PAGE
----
Finding Historical Records on the Giant Genealogy Websites. This session offers a close-up, comparative look at historical record content on Ancestry, FamilySearch, Findmypast and MyHeritage. Consider how similar-looking records might actually be different when used at different websites. Learn about specific geographical and record-type strengths for each site, with head-to-head comparisons for major U.S. records collections and others (these can be customized for your group). Watch live demos to help you dig more effectively for the records you need on each site. This lecture is already available with customized comparisons for researching Jewish and Australian ancestors.

Must-Use U.S. Record Collections You Might Not Know About on Ancestry.com, FamilySearch, Findmypast and MyHeritage. Meet my favorite U.S. record collections on Ancestry.com, FamilySearch, Findmypast and MyHeritage! Become acquainted with powerhouse collections that are easy to ignore but tough to beat for the genealogical gems they reveal: U.S. special census schedules; newspaper gems; city directories; genealogical periodical articles and more.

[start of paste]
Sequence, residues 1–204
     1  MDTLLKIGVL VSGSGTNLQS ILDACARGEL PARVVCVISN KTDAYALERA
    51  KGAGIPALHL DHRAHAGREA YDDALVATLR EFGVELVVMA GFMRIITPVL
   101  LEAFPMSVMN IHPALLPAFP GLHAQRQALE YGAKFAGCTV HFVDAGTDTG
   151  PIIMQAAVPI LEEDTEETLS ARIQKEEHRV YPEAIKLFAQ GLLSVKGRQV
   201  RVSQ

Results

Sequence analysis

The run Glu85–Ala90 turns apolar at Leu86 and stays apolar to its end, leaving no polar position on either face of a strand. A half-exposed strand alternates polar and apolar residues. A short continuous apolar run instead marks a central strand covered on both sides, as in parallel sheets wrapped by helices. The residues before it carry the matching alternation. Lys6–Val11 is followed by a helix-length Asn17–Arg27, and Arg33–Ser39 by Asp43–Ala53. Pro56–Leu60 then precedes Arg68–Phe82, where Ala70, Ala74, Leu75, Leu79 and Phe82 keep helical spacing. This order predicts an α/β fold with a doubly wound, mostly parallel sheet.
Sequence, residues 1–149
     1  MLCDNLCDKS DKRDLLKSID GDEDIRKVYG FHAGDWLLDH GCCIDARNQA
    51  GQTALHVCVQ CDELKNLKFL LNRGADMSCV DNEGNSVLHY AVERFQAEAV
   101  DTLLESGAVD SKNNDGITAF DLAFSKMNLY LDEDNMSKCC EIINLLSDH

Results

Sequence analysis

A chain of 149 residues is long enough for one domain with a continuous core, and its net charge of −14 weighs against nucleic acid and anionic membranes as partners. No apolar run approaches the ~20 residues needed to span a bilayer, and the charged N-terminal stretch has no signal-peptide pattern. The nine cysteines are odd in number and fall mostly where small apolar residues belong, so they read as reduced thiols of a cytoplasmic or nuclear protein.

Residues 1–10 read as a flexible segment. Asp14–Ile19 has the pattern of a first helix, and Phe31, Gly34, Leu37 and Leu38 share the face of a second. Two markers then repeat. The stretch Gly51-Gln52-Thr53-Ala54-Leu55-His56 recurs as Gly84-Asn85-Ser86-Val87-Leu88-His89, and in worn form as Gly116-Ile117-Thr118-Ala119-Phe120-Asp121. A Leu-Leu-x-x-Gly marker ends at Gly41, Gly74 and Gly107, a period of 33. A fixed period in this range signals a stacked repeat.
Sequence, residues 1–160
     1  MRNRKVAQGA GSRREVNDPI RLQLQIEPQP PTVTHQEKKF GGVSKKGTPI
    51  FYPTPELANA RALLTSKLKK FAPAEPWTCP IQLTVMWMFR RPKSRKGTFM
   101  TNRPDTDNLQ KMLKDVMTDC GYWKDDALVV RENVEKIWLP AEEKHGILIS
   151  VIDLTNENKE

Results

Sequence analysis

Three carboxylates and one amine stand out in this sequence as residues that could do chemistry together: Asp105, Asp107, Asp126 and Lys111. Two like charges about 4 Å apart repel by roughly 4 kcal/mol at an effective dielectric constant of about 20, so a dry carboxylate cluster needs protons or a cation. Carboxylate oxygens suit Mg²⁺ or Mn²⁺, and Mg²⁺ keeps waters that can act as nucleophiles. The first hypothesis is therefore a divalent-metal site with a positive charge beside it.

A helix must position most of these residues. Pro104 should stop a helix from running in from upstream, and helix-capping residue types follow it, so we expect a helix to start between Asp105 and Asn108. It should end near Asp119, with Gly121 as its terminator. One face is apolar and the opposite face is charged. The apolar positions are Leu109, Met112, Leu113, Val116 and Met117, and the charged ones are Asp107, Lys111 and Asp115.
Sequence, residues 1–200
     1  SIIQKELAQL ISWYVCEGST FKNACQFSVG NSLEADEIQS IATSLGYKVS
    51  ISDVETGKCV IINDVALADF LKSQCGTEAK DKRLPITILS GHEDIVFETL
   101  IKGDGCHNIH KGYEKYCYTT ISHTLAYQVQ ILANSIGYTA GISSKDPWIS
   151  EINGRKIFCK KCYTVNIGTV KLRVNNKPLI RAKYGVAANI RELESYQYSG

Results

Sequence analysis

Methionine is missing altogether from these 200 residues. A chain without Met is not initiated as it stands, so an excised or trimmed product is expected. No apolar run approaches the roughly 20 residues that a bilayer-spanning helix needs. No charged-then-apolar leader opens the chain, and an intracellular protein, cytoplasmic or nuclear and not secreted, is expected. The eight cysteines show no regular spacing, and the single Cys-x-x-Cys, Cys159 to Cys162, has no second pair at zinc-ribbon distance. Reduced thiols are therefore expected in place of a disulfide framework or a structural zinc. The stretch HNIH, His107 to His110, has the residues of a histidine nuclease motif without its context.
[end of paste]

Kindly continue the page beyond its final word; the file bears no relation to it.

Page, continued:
NEW! Should You Take the Hint? Automated Record Hinting on the Giant Genealogy Websites. Learn how automated record hints on Ancestry.com, FamilySearch.org, Findmypast.com and MyHeritage.com can help you discover records that may be about your family. Discover how hints may differ from search results and how to use both tools most effectively. Learn valuable tips on evaluating records and incorporating details into your tree.

NEW! Digitized U.S. Newspaper Collections You May Be Missing on Your Favorite Genealogy Websites. Newspaper collections on the giant genealogy websites are oft-overlooked, but genealogically rich and available at your fingertips. Explore Findmypast’s vast U.S. newspaper collections; MyHeritage’s rapidly-growing U.S. state collections and FamilySearch’s indexed obituaries. Learn tips for searching effectively and see examples that will inspire you to delve into them yourself.